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Austen's best book, and like so many of her others, an exploration of gender politics and female independence at a time in which the freedoms of women were intimately, and often tragically, constrained by the ways in which they depended on males for economic assistance and security. Sounds like sad stuff, but Austen, as always, approaches these and other issues with an acute sensitivity...

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and ear for comedy that elevates an explication of the frustrating social and economic constraints of one half of the population to a work of art. (Holme's Notes, Esquire) Elinor is as prudent as her sister Marianne is impetuous. Each must learn from the other after they are they are forced by their father's death to leave their home and enter into the contests of polite society. The charms of unsuitable men and the schemes of rival ladies mean that their paths to success are thwart with disappointment but together they attempt to find a way to happiness.

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One of the finest works of American history published in the 21st century, Isabel Wilkerson's 600+ page book chronicles the massive migration of African-Americans out of the American south and into the Northeast, Midwest and and Western states over the course of about six decades of the 20th century. (Holme's Notes, Esquire)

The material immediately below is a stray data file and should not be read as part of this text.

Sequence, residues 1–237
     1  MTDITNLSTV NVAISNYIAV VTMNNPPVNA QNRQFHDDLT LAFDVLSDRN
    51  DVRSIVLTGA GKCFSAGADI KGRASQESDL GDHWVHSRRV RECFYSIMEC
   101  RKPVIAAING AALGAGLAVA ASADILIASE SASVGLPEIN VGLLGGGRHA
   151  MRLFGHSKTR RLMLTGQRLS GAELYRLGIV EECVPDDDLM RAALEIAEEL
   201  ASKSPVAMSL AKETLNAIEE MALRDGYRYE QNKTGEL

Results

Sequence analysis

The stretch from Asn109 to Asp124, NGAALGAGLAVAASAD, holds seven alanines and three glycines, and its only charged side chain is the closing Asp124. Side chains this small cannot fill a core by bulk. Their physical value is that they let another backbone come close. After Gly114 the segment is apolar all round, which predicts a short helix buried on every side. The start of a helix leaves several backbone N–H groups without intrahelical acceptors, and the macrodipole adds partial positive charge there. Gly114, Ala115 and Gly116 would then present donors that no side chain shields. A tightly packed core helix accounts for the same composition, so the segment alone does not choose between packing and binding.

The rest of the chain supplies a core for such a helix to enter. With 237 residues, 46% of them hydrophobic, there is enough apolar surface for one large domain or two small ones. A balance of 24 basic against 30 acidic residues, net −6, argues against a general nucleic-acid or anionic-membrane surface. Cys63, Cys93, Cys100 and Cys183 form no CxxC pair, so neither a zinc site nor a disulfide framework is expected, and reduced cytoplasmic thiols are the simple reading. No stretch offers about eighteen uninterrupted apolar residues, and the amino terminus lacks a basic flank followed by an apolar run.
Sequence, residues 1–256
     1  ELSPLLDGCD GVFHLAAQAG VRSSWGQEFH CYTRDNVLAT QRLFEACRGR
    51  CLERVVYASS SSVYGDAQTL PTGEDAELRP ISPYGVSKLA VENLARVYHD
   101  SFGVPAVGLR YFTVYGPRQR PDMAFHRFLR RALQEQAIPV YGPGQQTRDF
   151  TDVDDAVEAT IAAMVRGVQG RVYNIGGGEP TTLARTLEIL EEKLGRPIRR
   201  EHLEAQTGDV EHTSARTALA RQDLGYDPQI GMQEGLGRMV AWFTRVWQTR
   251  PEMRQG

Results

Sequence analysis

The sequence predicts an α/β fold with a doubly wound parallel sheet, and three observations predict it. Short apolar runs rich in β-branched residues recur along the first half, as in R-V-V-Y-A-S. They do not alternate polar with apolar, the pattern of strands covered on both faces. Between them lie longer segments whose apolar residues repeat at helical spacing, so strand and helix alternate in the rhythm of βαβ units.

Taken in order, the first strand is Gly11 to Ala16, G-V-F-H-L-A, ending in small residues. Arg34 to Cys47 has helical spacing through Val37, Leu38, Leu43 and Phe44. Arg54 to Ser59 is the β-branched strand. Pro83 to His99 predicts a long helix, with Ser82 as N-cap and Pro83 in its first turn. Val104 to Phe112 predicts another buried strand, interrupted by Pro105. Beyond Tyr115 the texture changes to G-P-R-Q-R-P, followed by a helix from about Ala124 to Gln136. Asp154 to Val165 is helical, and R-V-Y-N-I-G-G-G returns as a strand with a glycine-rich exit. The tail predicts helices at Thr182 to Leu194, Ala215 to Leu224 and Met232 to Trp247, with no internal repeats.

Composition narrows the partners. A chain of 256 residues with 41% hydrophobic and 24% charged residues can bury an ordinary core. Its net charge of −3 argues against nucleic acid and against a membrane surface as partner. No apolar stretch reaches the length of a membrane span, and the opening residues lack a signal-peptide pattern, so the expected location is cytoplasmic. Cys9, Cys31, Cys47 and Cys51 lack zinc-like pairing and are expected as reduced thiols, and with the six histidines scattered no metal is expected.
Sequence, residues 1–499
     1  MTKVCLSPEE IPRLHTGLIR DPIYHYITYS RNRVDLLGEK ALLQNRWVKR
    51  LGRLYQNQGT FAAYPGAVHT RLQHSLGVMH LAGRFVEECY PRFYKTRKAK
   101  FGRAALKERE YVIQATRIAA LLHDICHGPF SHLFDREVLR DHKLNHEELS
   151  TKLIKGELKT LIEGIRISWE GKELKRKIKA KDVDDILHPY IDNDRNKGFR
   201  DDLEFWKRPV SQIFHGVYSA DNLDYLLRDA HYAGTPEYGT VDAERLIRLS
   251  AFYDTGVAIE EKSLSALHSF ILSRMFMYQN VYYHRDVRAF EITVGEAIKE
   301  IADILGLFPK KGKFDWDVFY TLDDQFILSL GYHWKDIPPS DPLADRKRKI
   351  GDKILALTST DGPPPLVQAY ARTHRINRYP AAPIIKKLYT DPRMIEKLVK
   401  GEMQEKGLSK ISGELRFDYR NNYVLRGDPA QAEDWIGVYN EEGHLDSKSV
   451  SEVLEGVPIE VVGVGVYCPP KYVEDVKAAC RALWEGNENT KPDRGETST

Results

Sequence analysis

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Told through the stories of three Southerners who left the Jim Crow South to make new lives elsewhere, it is a sweeping, meticulously researched and beautifully-written epic that should be on the shelf of anyone who loves, and wants to further understand, the American spirit.

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Children's books are not just for children, and this, the greatest chapter book about a young girl ever written, anticipates and reflects second wave feminism with its loving depiction of a loud, opinionated, curious, tomboy living on New York's Upper East Side who rejects the performance of femininity in favor of an authentic—and, admittedly, sometimes off-putting—self. (Holme's Notes, Esquire)

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Harriet M. Welsch is a spy. In her notebook, she writes down everything she knows about everyone, even her classmates and her best friends. Then Harriet loses track of her notebook, and it ends up in the wrong hands. Before she can stop them, her friends have read the always truthful, sometimes awful things she’s written about each of them. Will Harriet find a way to put her life and her friendships back together?